Renting out a home or apartment can be a terrific way to supplement your income, but it does take some effort. You’ll need to learn about landlord-tenant property rights and identify suitable tenants. While owning property in Jaco, Costa Rica is appealing, staying in other family-friendly places may be a better option.

Don’t forget about the taxman, too! With an expected 15% in expenses, you’ll have to pay income taxes on any rent you collect. To put it another way, the new tax law deducts 15% of your rental income for expenses and then taxes the rest. As a result, you pay 15% tax on 85 percent of your rental income each month. This equates to $127.50 in monthly income taxes for a $1000 per month apartment.

Property purchases in Costa Rica aren’t confined to investment properties or second homes. Instead, some people choose for land ownership. In the purchasing process, many of the same points and stages apply.

You must ensure that the property is titled and not concession land, just as you would with a house (Maritime Zone land). Unfortunately, non-citizens cannot own oceanfront property in Costa Rica without forming a partnership with a Costa Rican. Before you buy a house, your attorney will check the public record to make sure the title is clear.

When buying land in Costa Rica, the first crucial thing to do is have a survey done. To avoid any disagreements with your neighbors, a surveyor will certify your property boundary lines. The property survey will then be officially recorded with the public registry by your attorney. Even if these types of things come with legal fees, they’re important actions to take!

Also, keep in mind that you can register your land either as an individual or as a corporation. Transfer taxes are 1.5 percent if you register in your own name and afterwards transfer to a corporation. You’ll also have to pay notary fees, which are determined by the property’s value. If you buy land for personal use and then decide to launch a rental property business in Costa Rica, this is something to think about.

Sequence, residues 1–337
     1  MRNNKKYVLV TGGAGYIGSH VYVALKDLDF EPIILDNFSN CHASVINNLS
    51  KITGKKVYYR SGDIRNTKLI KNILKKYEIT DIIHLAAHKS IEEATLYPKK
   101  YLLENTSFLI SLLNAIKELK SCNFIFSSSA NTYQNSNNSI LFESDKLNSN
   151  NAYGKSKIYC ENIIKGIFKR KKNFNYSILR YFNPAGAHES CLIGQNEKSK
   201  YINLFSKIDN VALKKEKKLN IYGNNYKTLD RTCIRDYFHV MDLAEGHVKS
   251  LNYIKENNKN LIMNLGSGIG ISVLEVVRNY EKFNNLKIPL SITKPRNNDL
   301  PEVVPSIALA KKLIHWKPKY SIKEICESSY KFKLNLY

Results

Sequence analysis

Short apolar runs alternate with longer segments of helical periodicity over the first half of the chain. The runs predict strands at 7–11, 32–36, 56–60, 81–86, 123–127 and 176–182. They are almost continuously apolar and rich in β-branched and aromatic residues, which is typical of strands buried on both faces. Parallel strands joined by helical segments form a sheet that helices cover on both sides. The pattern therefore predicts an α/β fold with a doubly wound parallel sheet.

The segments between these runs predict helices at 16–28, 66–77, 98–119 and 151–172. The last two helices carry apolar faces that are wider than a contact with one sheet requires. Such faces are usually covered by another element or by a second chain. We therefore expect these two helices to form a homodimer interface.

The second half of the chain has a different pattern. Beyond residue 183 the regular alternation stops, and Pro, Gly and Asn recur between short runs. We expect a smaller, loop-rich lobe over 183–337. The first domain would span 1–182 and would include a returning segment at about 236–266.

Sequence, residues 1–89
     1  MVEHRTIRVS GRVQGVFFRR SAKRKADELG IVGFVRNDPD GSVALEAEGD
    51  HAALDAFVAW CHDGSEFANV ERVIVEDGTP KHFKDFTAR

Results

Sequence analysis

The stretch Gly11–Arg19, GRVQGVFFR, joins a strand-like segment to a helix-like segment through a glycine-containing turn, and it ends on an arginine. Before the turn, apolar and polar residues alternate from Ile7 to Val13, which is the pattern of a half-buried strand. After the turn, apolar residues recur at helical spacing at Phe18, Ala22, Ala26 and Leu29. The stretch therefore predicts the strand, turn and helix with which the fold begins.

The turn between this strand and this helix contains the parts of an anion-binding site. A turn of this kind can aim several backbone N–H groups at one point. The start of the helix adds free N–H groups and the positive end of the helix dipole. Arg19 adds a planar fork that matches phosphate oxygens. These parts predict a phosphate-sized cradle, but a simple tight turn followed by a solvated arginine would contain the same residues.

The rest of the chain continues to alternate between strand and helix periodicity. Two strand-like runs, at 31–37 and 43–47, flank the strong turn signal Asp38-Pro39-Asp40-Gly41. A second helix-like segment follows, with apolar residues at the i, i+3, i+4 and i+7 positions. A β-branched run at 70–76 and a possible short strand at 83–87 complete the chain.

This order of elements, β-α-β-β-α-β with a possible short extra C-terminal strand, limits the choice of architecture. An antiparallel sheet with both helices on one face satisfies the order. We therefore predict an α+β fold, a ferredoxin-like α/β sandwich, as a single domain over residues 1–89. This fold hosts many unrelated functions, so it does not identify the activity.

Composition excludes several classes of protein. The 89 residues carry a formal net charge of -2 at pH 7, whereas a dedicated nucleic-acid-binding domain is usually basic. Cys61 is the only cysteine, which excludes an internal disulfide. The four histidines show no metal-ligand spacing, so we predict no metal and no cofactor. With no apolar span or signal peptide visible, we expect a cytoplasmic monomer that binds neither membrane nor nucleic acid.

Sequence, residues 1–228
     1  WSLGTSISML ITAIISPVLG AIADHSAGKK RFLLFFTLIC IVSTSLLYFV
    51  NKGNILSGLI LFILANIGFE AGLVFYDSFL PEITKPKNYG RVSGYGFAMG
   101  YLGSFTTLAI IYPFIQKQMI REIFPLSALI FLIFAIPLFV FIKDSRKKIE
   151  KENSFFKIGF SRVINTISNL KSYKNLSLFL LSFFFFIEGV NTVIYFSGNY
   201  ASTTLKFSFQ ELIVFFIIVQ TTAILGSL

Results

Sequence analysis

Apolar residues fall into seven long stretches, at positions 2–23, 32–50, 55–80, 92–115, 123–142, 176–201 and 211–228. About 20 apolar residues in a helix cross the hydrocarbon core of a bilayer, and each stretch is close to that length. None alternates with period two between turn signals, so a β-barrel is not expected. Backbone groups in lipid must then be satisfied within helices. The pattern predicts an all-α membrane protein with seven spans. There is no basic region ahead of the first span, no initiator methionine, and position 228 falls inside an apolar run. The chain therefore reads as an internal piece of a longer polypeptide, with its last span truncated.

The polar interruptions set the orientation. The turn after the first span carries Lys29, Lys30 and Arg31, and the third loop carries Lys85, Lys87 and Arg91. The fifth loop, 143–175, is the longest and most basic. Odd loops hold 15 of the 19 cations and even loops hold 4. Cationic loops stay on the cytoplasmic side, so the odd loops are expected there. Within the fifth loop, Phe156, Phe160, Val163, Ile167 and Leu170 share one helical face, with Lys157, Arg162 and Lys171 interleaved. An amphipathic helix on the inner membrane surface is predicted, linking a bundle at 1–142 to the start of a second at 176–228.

Questions to Ponder

Before putting an offer on land for sale in a location you like, go to the site and ask the seller a lot of questions.

  • Is there access to water, power, and sewer on the property?
  • Is there access to the internet?
  • Is it permissible for you to construct on it?

Even if you work with a real estate agent, it is your responsibility as the buyer to conduct due research.

Last Thoughts

Purchasing a home in any nation may be a stressful and intimidating experience. Investing in land or purchasing a vacation house in Costa Rica, on the other hand, does not have to be. You’ll be on your way to making an offer in no time if you work with a trustworthy real estate agency! Taking advantage of the wonderful weather and the open foreign purchasing regulations provides a fantastic opportunity for investment or a new life in paradise. We hope this information aids you in your search for your ideal home!